The candidate is quick to note that she would not be beholden to the mayor when it comes to her vote on the council.
“I would oppose Dean when it was right to do so,” she said. “I would represent District 2, and that would require me to work independently for the needs of our district, no matter what it takes.”
A case in point, Hicks said, is the retail and housing development Patrick Kennedy is proposing at 2700 San Pablo Ave. Dean has a history as a strong supporter of Kennedy’s often-controversial projects. Hicks, on the other hand, questions the four-to-five story housing and retail project proposed at the Carlton Street and San Pablo Avenue site. She said the development should be no higher than three stories.
“We need well-designed, appropriately-scaled ground floor retail and mixed-income housing along San Pablo Avenue,” she said.
A better community process for development is imperative, she said. “There should be mailings sent to every home to notify people, not just some sign tacked up on the telephone pole announcing community meetings.”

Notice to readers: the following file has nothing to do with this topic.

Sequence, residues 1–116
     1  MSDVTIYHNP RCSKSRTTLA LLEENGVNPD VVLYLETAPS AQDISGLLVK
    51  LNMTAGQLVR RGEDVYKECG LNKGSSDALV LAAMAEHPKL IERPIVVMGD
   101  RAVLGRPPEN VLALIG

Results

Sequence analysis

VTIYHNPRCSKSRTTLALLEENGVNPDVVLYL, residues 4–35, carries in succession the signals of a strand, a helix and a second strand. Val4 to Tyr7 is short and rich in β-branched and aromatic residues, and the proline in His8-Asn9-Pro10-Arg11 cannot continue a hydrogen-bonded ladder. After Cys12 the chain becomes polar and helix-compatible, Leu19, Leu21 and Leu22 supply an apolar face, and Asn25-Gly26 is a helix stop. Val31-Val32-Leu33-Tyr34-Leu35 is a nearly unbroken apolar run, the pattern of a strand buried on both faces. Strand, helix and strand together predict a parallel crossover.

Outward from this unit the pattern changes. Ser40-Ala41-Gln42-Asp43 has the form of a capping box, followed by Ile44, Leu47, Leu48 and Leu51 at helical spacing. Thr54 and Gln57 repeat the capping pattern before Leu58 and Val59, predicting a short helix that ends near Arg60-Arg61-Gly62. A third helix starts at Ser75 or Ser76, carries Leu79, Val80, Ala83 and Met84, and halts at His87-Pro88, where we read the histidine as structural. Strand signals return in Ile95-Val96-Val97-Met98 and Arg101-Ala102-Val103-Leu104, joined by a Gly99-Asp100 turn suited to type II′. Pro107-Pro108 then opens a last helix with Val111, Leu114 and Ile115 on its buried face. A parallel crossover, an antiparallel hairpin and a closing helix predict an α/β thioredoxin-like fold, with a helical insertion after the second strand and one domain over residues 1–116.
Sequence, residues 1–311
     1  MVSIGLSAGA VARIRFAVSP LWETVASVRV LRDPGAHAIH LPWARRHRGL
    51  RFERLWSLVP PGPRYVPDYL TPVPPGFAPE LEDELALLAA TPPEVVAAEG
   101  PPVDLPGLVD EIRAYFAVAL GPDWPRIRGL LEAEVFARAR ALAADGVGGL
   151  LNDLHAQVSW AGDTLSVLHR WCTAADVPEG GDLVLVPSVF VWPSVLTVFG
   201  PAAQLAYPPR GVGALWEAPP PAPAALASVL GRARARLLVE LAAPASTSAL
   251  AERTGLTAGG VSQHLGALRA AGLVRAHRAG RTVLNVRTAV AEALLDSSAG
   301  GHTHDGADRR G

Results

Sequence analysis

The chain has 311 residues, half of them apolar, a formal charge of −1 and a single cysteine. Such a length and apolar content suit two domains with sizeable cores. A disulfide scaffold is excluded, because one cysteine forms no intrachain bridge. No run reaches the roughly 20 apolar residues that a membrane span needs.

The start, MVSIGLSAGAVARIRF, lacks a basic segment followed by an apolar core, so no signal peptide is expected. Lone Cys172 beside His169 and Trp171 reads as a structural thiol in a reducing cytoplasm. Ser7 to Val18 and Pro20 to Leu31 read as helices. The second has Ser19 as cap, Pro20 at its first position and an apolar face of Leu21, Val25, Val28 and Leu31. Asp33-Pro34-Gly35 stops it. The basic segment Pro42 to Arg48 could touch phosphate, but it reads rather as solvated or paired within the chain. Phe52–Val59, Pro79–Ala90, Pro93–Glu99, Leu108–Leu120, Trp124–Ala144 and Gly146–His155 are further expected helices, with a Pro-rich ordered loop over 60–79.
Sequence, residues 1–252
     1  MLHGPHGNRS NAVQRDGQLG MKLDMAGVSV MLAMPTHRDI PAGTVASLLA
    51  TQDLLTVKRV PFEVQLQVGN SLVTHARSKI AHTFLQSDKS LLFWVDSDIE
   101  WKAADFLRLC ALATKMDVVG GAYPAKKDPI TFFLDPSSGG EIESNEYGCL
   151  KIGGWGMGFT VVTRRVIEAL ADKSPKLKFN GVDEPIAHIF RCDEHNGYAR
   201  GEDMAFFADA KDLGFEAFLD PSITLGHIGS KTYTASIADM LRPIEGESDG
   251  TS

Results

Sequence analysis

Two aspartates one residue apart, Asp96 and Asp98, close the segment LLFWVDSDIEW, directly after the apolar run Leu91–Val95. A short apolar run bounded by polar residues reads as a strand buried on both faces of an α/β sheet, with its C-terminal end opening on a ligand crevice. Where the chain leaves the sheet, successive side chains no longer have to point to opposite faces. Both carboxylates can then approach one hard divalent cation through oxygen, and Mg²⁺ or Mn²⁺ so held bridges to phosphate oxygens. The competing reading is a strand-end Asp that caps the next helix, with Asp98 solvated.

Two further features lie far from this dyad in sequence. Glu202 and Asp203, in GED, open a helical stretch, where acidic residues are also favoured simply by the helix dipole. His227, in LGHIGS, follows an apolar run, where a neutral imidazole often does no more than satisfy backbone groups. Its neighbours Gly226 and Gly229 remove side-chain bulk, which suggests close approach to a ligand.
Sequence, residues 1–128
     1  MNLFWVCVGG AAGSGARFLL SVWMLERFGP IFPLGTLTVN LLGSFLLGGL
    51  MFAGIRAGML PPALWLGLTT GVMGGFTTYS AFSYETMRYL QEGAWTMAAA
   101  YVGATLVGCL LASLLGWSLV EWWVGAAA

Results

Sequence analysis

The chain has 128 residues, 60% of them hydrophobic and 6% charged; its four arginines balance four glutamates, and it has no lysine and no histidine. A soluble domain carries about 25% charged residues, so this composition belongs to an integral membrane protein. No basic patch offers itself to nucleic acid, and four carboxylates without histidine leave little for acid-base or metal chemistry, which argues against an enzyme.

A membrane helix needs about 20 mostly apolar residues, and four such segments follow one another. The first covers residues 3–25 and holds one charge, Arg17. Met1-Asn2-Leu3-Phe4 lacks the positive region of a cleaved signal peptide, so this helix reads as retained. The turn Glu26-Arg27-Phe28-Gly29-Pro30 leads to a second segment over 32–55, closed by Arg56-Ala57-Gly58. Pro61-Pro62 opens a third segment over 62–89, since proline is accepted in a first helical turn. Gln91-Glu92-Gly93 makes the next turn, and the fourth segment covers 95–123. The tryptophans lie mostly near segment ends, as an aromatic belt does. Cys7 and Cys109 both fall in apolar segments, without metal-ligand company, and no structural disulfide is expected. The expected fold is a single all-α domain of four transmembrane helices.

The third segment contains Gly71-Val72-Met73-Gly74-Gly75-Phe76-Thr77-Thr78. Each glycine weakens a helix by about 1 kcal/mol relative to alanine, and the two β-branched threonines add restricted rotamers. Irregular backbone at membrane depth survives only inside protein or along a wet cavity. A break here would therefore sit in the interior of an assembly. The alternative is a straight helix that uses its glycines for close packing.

The community needs to be involved in the future of San Pablo Avenue, Hicks said. “There are developers lined up to get at those 11 (available) spots along San Pablo.”
Hicks stresses “revitalization” over “redevelopment.”
Redevelopment is a formal designation of a blighted area. Taxes on improved property within the area are collected, with certain exceptions, for the benefit to the area – they no longer go to the general fund, for example, or to the county. The promise of future tax revenue generally allows cities to borrow funds to revitalize the area in question. The designation as a Redevelopment Area usually carries with it the right of eminent domain.
“We need to protect the neighborhood and small businesses by opposing designation as Redevelopment Areas with its threat of eminent domain,” Hicks said. “The city would actually get more out of revitalization. Redevelopment would mean owners would be required to pay back (loan funds.) And with eminent domain, people never get their value.”
As for Measure Y, “I’m not for it,” Hicks said. “I know we still have housing available, but it’s been taken off the market. Rent control is the reason. We don’t need more restrictions on property owners. It’ll actually make them less likely to rent to the elderly or disabled.”
Further, she said. “We need to re-write the rent control laws to encourage more home owners to put their property back on the market.”